5th August 2021
Joseph Ives and his Lever Spring Clocks
Peter Gosnell, who along with his and Beresford’s research into the British United Clock Co., has contributed talks to us in the past notably in June 2018, “Industrial Clock Manufacture in Birmingham Before 1885” and April 2019, “The Untold Story of British Jerome”.
Peter will be talking about Joseph Ives, the Connecticut clock manufacturer and his Lever Spring (sometimes called “Wagon Spring” ) clocks.
Circa 2000 Peter became a volunteer member of staff under Jonathan Betts at what was then called The Old Observatory, Greenwich. By association, this gave him access to some examples of Lever Spring clocks in both public and private collections in the UK. Between the years 2001 – 2008 further research on Lever Spring clocks was undertaken during Peter’s yearly visits to America when once again access to rarer clock examples was forthcoming.
In 1847 Silas B. Terry, the youngest clock making son of Eli Terry, invented a process for hardening and tempering high carbon steel to make coil springs suitable for driving clock movements. Before this in England and Europe, the process had been a closely guarded secret giving them monopoly of supply to American clock makers. Prior to 1847 there had been two alternatives devised in Bristol, Connecticut to the use of these expensive imported steel coil springs.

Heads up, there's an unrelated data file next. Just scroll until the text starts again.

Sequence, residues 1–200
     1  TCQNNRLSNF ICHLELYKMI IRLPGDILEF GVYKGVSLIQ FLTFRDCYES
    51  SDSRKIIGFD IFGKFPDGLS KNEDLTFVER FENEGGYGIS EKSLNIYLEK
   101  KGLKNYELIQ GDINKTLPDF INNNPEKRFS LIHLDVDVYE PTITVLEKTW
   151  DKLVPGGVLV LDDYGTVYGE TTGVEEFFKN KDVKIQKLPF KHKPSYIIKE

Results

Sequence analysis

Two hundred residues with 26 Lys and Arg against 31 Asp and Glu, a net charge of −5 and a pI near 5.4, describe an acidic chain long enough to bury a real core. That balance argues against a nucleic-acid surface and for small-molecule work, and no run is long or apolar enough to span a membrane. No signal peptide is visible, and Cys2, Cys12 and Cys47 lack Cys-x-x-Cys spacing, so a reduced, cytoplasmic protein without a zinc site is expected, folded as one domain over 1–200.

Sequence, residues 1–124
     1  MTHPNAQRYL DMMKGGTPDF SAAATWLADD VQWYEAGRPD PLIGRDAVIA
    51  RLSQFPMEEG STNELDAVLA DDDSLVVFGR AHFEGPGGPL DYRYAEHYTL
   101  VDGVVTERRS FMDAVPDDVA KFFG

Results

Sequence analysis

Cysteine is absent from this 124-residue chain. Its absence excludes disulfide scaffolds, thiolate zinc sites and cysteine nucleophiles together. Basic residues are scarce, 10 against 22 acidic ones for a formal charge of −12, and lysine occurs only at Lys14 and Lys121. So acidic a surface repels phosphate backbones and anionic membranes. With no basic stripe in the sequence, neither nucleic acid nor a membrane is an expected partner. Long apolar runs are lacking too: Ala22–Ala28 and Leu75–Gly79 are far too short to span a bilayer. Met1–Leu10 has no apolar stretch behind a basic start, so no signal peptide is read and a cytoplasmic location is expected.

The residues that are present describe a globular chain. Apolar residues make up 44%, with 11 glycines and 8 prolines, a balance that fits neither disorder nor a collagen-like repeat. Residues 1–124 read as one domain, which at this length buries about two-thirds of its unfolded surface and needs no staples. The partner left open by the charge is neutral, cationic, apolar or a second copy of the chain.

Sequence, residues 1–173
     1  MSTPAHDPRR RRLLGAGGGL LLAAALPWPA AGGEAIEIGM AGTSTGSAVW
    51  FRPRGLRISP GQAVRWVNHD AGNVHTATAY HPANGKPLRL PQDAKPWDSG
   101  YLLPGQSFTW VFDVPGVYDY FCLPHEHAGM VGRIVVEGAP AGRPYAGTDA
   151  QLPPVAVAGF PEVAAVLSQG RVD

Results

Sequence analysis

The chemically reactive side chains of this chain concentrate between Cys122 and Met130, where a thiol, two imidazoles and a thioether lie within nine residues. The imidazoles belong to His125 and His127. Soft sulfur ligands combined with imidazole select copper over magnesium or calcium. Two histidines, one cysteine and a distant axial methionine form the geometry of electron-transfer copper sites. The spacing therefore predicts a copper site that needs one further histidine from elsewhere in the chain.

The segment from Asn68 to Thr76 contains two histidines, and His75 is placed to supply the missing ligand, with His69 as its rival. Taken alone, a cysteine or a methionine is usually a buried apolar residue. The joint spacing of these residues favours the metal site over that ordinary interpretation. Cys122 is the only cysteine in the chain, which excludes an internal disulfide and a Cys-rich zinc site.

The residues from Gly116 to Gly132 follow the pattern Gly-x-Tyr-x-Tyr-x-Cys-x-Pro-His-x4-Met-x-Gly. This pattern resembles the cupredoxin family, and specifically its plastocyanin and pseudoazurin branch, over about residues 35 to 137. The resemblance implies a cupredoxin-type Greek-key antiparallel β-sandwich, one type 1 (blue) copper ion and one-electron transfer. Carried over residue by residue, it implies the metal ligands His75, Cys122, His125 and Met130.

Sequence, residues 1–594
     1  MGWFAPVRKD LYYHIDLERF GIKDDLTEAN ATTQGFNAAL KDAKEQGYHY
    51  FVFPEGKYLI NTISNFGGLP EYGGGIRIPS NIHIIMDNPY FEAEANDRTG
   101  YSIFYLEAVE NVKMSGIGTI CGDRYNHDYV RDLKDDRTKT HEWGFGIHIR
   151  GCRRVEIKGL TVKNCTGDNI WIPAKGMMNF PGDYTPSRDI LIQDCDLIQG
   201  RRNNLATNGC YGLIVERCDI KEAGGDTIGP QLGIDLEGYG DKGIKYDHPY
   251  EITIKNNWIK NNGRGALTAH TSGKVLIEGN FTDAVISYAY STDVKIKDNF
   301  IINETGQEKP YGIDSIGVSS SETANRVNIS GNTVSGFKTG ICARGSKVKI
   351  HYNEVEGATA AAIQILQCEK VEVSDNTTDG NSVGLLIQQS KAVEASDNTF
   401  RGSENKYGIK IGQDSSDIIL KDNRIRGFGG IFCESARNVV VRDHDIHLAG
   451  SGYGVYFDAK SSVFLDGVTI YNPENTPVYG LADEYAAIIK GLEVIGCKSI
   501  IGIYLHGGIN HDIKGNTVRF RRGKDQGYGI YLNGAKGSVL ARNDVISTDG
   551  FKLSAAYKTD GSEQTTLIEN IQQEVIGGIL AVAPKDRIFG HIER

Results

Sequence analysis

One developed by Joseph Ives’s nephew, Joseph Shaylor Ives in 1836, used brass instead of steel to make the coil springs. The other solution developed by Joseph Ives himself from 1817 until 1859 made use of the leaf spring in conjunction with an equalising device. This development of the lever spring by Joseph Ives will be the major focus of tonight’s talk.
The meeting was held at The White Hart Barn in Godstone and made accessible via Zoom to those unable to attend.